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Heres another post by Mark Seaton about a decade back on another forum.

"There are changes below where a 1/2 wavelength won't "fit" in the room, usually defined by the longest dimension, top-to-bottom of opposite corners. Below this point you no longer see modal behavior, problems, or variations. What you do see is a gain in LF output for a given subwoofer output. So in fact the result is the opposite: More output, less distortion. In simplest terms you transition to a mode of pressure modulation, where you are basically modulating the pressure in the entire room. Remember that our ears react to air pressure modulations and it doesn't matter what causes the level of modulation, since the observer (us in this case) is exposed to the same changes in pressure as if they were outdoors."
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post #2989 of 3237 Old 03-17-2015, 07:24 AM
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When you are out of phase it creates a null at that frequency but it might create peaks elsewhere. I would run 3-120hz sweeps with it in phase and out and see what happens. Since this talk about phase I am wondering if my 50-80hz region is out of phase from the front to back which creates that peak from 5-30hz? I will mess with it later and find out. It will be so cool that it was because that means it is an easy fix. Since sealing the wall the bass sounds much tighter with zero rattles, it is finally a true baffle wall.

NanoAvr to Outlaw 975
amps-5 Adcom GFA-555's mono's, Sanway FP14K
5 JBL 2447 CD, 5 2352 horns, 3 15 inch 2035 for fronts, 2 15 inch 2032 for surrounds
subs-IB SI 18ht x12
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post #2990 of 3237 Old 03-17-2015, 08:38 AM
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Originally Posted by MKtheater View Post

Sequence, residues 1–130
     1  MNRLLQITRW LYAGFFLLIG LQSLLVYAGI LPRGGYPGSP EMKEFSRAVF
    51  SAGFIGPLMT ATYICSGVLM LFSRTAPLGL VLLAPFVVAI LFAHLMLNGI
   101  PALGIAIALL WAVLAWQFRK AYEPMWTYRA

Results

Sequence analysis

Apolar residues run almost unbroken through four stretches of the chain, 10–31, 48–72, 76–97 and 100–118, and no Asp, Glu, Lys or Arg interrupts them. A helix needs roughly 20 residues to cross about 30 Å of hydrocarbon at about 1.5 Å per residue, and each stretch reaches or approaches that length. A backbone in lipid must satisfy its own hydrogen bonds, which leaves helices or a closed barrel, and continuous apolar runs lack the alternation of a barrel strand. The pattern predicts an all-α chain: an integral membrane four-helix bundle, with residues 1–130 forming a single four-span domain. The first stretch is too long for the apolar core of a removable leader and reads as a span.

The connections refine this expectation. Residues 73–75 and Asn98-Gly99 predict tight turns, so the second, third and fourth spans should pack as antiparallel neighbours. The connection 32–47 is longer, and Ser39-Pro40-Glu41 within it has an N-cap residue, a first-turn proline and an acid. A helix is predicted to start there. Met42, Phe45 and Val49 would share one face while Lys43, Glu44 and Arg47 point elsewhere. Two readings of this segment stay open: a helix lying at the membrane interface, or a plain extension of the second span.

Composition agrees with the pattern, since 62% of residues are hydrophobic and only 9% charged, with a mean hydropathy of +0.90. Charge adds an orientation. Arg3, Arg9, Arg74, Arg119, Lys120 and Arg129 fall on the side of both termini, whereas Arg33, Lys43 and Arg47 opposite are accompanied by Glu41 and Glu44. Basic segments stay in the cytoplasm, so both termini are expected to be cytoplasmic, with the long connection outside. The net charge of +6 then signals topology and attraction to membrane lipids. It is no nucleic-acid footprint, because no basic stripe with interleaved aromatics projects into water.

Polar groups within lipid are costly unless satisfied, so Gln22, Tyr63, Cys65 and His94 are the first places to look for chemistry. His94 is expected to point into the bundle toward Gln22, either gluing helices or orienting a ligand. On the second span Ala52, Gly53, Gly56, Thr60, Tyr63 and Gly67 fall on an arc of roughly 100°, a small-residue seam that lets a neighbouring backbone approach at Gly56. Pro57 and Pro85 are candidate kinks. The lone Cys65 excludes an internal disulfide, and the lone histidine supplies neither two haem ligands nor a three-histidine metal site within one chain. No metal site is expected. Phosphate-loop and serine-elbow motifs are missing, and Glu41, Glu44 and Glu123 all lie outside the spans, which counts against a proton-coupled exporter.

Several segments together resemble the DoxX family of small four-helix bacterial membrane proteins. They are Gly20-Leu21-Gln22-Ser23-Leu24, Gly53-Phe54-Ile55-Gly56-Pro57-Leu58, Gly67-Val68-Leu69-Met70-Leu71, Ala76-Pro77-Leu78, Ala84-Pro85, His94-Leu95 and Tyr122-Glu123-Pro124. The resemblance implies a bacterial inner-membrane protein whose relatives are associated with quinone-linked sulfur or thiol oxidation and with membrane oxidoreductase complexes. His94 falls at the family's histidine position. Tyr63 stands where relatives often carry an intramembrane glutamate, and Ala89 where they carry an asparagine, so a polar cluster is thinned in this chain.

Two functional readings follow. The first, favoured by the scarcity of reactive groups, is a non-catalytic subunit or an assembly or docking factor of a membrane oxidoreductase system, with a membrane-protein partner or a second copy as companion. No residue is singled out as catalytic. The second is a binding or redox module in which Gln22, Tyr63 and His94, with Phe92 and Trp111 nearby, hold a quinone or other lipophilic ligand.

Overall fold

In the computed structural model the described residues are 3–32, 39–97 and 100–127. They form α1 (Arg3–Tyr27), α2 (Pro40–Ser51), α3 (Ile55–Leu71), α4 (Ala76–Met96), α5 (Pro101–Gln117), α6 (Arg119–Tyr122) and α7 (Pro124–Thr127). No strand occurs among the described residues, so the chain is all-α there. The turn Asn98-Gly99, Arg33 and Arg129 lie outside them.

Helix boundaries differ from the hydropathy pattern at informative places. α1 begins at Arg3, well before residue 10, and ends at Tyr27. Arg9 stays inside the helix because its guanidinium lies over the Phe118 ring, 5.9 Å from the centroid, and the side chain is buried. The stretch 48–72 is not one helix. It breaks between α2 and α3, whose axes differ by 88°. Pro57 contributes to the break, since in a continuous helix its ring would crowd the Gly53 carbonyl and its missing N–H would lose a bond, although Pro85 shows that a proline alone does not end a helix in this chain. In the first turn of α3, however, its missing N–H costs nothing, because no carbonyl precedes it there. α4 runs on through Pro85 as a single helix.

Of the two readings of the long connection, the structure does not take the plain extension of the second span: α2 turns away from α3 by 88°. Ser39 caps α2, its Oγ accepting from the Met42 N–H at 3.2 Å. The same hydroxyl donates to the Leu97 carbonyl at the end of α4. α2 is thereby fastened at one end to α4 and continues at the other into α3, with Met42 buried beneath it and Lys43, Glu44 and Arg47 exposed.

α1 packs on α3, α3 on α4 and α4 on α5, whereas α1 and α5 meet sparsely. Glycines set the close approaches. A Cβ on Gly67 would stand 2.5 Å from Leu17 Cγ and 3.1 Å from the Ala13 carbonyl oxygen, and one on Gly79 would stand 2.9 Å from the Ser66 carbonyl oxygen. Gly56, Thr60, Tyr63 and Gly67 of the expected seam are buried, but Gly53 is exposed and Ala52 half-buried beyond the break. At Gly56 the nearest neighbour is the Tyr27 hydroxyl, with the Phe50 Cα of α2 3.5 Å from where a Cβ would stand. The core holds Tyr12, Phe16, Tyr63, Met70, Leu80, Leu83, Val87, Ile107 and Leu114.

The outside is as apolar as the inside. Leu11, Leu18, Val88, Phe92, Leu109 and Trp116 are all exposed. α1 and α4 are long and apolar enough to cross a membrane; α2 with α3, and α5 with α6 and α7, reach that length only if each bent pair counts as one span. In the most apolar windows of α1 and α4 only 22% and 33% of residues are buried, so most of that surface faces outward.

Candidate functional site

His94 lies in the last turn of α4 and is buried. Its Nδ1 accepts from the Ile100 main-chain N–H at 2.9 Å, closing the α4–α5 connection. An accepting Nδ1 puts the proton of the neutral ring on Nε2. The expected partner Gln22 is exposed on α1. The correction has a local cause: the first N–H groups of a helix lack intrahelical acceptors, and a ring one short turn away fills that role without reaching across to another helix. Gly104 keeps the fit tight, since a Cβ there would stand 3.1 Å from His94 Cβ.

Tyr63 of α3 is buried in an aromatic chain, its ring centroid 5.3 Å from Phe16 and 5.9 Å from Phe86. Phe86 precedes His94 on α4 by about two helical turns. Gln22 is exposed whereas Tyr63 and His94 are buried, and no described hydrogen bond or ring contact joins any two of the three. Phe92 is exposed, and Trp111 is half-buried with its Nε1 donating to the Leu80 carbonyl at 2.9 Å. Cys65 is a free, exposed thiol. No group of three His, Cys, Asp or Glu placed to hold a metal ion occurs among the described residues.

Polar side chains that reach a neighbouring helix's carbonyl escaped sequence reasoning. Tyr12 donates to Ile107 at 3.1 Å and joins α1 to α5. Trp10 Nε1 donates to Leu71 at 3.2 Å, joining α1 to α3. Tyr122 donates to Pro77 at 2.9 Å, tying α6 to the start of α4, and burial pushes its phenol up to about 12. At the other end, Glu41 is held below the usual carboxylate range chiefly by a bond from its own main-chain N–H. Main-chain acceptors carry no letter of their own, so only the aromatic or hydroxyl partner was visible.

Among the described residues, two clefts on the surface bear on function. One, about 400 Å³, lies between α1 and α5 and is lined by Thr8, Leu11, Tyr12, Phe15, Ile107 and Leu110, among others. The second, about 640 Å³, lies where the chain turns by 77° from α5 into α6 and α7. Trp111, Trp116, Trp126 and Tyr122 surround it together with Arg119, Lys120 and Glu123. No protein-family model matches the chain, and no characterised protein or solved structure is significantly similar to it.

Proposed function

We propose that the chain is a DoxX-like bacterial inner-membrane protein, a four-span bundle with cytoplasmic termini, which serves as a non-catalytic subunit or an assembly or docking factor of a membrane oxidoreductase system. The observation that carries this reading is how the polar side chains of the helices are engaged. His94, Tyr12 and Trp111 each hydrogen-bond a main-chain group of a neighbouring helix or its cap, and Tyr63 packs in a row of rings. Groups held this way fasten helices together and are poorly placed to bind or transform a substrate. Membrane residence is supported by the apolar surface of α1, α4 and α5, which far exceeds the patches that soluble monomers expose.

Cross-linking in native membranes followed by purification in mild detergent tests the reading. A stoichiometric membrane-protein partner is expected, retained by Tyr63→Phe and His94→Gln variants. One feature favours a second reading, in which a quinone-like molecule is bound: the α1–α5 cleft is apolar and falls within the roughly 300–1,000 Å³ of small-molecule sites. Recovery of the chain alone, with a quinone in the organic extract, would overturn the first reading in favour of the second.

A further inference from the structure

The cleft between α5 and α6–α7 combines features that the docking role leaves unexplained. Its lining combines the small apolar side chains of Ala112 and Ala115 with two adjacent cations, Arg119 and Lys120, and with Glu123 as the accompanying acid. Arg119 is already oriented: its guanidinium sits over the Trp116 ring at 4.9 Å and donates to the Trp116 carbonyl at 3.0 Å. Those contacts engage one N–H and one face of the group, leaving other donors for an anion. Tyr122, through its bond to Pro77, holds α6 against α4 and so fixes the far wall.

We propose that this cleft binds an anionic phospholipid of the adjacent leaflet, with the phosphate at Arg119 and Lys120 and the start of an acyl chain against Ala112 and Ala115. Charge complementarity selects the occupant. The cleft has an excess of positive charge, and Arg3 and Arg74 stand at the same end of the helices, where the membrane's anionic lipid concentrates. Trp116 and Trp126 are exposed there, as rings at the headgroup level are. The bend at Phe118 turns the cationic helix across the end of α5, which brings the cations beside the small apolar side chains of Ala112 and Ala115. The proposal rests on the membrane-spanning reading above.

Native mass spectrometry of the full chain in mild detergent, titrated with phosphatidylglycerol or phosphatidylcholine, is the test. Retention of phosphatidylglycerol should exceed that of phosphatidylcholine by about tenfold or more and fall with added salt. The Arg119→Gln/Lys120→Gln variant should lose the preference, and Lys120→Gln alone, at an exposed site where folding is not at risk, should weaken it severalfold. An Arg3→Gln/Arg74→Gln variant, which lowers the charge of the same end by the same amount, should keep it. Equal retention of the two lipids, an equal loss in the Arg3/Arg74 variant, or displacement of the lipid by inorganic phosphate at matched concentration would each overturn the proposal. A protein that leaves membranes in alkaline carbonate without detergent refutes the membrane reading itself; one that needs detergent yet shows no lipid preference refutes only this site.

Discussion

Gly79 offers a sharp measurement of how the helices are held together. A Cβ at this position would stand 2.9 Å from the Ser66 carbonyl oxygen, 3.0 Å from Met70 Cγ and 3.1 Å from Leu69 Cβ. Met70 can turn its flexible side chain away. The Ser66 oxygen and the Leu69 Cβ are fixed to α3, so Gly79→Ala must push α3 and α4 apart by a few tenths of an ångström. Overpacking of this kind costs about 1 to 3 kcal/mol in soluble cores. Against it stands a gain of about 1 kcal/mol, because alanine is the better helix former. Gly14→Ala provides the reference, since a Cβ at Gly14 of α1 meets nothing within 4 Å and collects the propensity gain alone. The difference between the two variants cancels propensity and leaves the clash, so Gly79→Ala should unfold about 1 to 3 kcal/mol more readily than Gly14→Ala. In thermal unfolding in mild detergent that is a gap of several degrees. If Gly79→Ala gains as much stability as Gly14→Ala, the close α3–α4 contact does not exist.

When you are out of phase it creates a null at that frequency but it might create peaks elsewhere. I would run 3-120hz sweeps with it in phase and out and see what happens. Since this talk about phase I am wondering if my 50-80hz region is out of phase from the front to back which creates that peak from 5-30hz? I will mess with it later and find out. It will be so cool that it was because that means it is an easy fix. Since sealing the wall the bass sounds much tighter with zero rattles, it is finally a true baffle wall.
My graph above is a 5-20k test. You can see the difference. As our rooms are the same size your experiencing the same null I am. Get the subs time aligned and cut the peaks then call it a day. You'll never get the 50-80 perfect without extensive EQing. Which I don't like. Let me save you some time. There's one thing that gives me a nice smooth response there, a bigger room. Since that ain't happening, oh well. I had some success on another build inverting the mains. Totally smooth that region out. Maybe I'll mess around with that when I have time.
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post #2991 of 3237 Old 03-17-2015, 01:41 PM
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My room is 17x14x6.5 but the back 4 feet is 11 inches less in height for seating. I have to make sure my mic is working correctly as the response does not change when I move it 3 feet which it usually does somewhat. My UMIK has no cal files below 10hz so it is a bad representation below 10hz but works great above.
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post #2992 of 3237 Old 03-18-2015, 05:51 PM - Thread Starter
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Good info coolrda!

The question is: when you reach the point where the 1/2 wavelength no longer 'fits' in the room and phase changes have no SPL impact, what is the PVL in this region?

Since there is no SPL impact to changing phase, the only driver that would influence PVL would be distance from the source (1/r^2), where r is the distance. The closer you are to the source, the more prevalent PVL would be, and thus Sound Intensity.

Above the freq. where 1/2 a wavelength 'fits' in the room, both phase and distance would play a factor in PVL and Sound Intensity.

So, what does that mean for ULF frequencies? Nearfield placement to get the most tactile feeling in ULF passband, and for above that 1/2 wavelength freq point, try and find an out of phase scenario to maximize the PVL in that region, as I demonstrated in my tests at 27hz. Since these frequencies (where phase plays an impact) are typically in the LF region, you'll have more headroom to tackle the 'out of phase' scenario and power through it.

Doing it in this manner, would maximize the tactile feeling in your room.
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post #2993 of 3237 Old 03-18-2015, 08:00 PM
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Here are sweeps of my subs front wall and rear subs. I connected the adcom to the rear subs as well to compare.